Science Fiction Citations

747 records found; displaying 451 - 500.

ray pistol - sleeper ship

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Word Cite needed Description
ray pistol (n.) antedating 1930 John W. Campbell, Jr., 'The Black Star Passes' = ray gun
ray projector (n.) antedating 1922 Ray Cummings, 'The Fire People'
razor (adj.) antedating 1984 W. Gibson 'Neuromancer' having razors or other blades replacing fingernails
reaction drive (n.) antedating 1949 T. Sturgeon 'Minority Report' a spaceship drive
replicant (n.) antedating 1981 in Blade Runner script artificial alien or genetically engineered replica of a human being
replicant (n.) antedating 1987 W. Schneider in Atlantic Monthly person who works in a robotic manner; mindless and lacking originality; clone
rimworld (n.) antedating 1957 Robert A. Heinlein, "Citizen of the Galaxy" a planet orbiting a star at the edge, or rim, of the galaxy
ringwall (n.) antedating 1944 C. Bonestell & W. Ley in Astounding Sci. Fiction a roughly circular ring of cliffs/mountains surrounding an impact crater
robo- (n.) antedating 1945 A.E. van Vogt, "World of Null-A" combining form of robot(ic)
robomb (n.) antedating 1944 Saturday Night (Toronto) 22 July a robot bomb
robot (n.) antedating 1922 New York Times a machine designed to function in place of a human, esp. one that resembles a human
robotic (n.) antedating 1941 I. Asimov in Astounding Sci. Fiction May of or pertaining to robots; characteristic of or resembling a robot
robotical (adj.) antedating 1942 in Amazing Stories Feb. having the manner of a robot; related to robots
robotically (adv.) antedating 1971 P. Anderson 'The Byworlder' in a robotical way
roboticist (n.) antedating 1946 Isaac Asimov, 'Evidence' a scientist or engineer who studies or works with robots
roboticized (adj.) antedating 1952 E. Wellen 'Origins of Galactic Slang' provided with or converted to the use of robots
robotics (n.) antedating 1941 Isaac Asimov in Astounding Sci. Fiction May
rocketeer (n.) antedating 1935 Benson Herbert, 'The Perfect World' someone who flies rockets or rocketships
rocketman (n.) antedating 1931 Salt Lake Tribune someone who pilots, or works on, a rocket or rockets
rocket-ship (n.) antedating 1925 H. Scheffauer in The New York Times a spaceship powered by rockets
sapient (n.) antedating 1968 P. J. Farmer "The Day of Timestop" an intelligent alien
sapient (adj.) antedating 1962 H. B. Piper 'Naudsonce' of an alien, having intelligence of human level
saucer (n.) antedating 1947 =flying saucer
saucerman (n.) antedating 1952 Larry Shaw in _Space Science Fiction_ a being imagined to travel in a flying saucer
scientifilm (n.) antedating 1932 F. J. Ackerman in Astounding Stories a science fiction film
selenite (n.) antedating 1645 Howell Lett. III. ix. supposed inhabitant of the moon
sentience (n.) antedating 1947 G. O. Smith 'The Kingdom of the Blind' an intelligent being
sentience (n.) antedating 1937 Jack Williamson, 'Released Entropy' the condition of being sentient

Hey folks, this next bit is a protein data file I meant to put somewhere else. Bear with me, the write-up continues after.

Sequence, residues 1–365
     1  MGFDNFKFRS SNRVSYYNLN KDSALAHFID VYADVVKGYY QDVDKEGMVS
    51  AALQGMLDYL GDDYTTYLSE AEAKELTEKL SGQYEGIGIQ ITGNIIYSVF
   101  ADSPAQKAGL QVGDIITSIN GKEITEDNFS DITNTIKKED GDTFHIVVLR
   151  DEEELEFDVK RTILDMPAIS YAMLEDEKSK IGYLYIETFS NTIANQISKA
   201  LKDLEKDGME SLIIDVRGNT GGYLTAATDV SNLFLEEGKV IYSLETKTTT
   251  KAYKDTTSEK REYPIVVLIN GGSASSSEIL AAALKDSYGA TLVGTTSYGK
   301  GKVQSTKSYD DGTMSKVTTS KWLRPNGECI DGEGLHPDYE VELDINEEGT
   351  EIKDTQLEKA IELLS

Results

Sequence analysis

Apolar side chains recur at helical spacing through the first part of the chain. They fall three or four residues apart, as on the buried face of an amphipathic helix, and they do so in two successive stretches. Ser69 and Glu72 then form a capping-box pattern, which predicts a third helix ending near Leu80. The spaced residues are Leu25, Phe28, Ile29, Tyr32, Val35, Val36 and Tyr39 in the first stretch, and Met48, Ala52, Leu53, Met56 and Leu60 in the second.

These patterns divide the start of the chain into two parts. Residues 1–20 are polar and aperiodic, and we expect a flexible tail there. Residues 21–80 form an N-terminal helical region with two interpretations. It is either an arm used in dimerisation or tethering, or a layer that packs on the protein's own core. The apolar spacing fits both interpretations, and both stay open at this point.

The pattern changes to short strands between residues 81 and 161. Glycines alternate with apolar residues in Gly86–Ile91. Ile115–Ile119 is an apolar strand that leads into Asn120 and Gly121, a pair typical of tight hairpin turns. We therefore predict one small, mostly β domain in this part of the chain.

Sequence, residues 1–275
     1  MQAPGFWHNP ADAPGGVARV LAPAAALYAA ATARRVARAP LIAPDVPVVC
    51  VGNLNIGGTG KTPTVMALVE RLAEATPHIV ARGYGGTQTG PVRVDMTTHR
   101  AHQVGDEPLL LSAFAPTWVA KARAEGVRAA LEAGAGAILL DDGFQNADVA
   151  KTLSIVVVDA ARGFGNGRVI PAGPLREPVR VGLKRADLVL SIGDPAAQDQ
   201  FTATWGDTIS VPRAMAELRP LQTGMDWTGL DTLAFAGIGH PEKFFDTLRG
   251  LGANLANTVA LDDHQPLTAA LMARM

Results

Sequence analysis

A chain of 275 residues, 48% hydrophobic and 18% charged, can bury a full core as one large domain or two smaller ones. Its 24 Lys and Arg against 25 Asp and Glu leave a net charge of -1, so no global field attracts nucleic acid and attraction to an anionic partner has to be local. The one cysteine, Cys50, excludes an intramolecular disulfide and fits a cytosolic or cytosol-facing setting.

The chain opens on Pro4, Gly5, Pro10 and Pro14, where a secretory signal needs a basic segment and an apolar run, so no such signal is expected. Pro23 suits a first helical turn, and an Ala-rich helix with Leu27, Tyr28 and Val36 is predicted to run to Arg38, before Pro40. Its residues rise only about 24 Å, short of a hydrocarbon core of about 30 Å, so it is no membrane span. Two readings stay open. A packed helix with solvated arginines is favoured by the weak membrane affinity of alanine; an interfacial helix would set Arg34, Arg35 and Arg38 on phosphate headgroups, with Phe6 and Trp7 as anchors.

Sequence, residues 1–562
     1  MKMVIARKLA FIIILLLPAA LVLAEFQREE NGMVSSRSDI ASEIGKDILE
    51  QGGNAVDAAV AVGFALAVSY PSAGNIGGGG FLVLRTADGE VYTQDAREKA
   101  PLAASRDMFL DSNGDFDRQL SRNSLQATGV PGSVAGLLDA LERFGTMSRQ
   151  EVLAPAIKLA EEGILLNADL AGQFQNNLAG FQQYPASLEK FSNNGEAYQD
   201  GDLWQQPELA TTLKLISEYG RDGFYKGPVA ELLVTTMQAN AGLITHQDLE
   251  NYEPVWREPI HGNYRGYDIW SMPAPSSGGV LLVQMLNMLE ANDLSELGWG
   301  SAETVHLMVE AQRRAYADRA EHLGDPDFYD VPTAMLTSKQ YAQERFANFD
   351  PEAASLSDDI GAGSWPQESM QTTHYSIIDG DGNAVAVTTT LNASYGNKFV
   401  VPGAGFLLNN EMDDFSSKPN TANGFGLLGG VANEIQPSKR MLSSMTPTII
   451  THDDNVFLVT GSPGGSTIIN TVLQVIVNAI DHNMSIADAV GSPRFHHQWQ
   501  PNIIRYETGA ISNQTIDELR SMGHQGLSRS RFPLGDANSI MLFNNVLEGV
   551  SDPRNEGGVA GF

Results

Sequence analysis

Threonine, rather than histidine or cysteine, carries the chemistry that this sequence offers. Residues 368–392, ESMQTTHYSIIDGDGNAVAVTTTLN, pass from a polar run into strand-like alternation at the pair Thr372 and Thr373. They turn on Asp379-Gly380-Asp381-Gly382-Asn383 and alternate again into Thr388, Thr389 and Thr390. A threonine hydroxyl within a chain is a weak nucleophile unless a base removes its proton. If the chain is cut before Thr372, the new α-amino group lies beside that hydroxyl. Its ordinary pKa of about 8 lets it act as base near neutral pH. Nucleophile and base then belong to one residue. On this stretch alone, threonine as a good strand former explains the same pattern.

sentient (n.) antedating 1970 Philip José Farmer, 'Maker of Universes' an intelligent being
sentient (adj.) antedating 1920 Punch magazine =sapient or intelligent
shapechange (n.) antedating 1965 Fritz Leiber, 'Monster Lovers' (editorial) an act or instance of shape-changing
shapechange (v.) antedating 1988 T. Brooks 'The Wishsong of Shannara' to change shape, by an imagined natural capability, and adopt the form and sometimes abilities of an animal or other being
shapechanger (n.) antedating 1906 W. B. Yeats 'Poems, 1899-1905' one who can shapechange
shapechanging (n.) antedating 1964 H. R. Ellis Davidson 'Gods and Myths of Northern Europe' the act of or ability to shapechange
shapechanging (adj.) antedating 1621 G. Sandys 'Ovid's Met. II.' pertaining to the act of or ability to shapechange
shapeshift (v.) antedating 1986 S. Dexter 'The Mountains of Channadran' to change shape, by an imagined natural capability, and adopt the form and sometimes abilities of an animal or other being
shapeshifter (n.) antedating 1967 A. Garner 'The Weirdstone of Brisingamen' one who shapeshifts
shapeshifting (n.) antedating 1884 A. Lang in M. Hunt Grimm's Household Tales I. the practice or act of changing shape to adopt the form or another animal or human
shapeshifting (adj.) antedating 1895 A. Nutt in Kuno Meyer Voy. Bran I. pertaining to shapeshifting
shield (n.) antedating 1930 in Doc Smith's "Skylark Three" a force field defence
ship (n.) antedating 1925 in J. Schlossel's "Invaders from Outside" a spaceship
shuttle (n.) antedating 1950 in Theodore Sturgeon's "The Stars are the Styx" a space shuttle
shuttlecraft (n.) antedating 1967 E. Hamilton 'The Weapon From Beyond' a small spacecraft designed for ferrying freight or humans between a planetary surface and a spaceship in orbit
skimmer (n.) antedating 1949 W. Bade 'Lost Ulysses' a small aircraft designed or typically used for low altitude flight
skinsuit (n.) antedating 1957 Forrest J Ackerman in Imaginative Tales a thin, tightly-fitting spacesuit or clothing convertible to a spacesuit)
skyhook (n.) antedating 1966 J. D. Isaacs et al. 'Satellite Elongation into a True 'Sky-Hook'' an orbital tower or other launch device
skyhook (n.) antedating 1915 in Aeroplane 10 Mar. an imaginary contrivance for attachment to the sky.
skyhook (n.) antedating 1935 Meier & Lindbergh in Sci. Monthly (N.Y.) Jan. 5 a hook on an aircraft or spaceship capable of lifting burdens
skyhook (n.) antedating 1956 H. Goodwin 'The Science Book of Space Travel' an orbiting space platform
sleeper ship (n.) antedating 1968 J. Blish 'Space Seed' a spaceship in which most or all of the passengers are in some form of suspended animation such as cold sleep in order to avoid aging during a very long voyage
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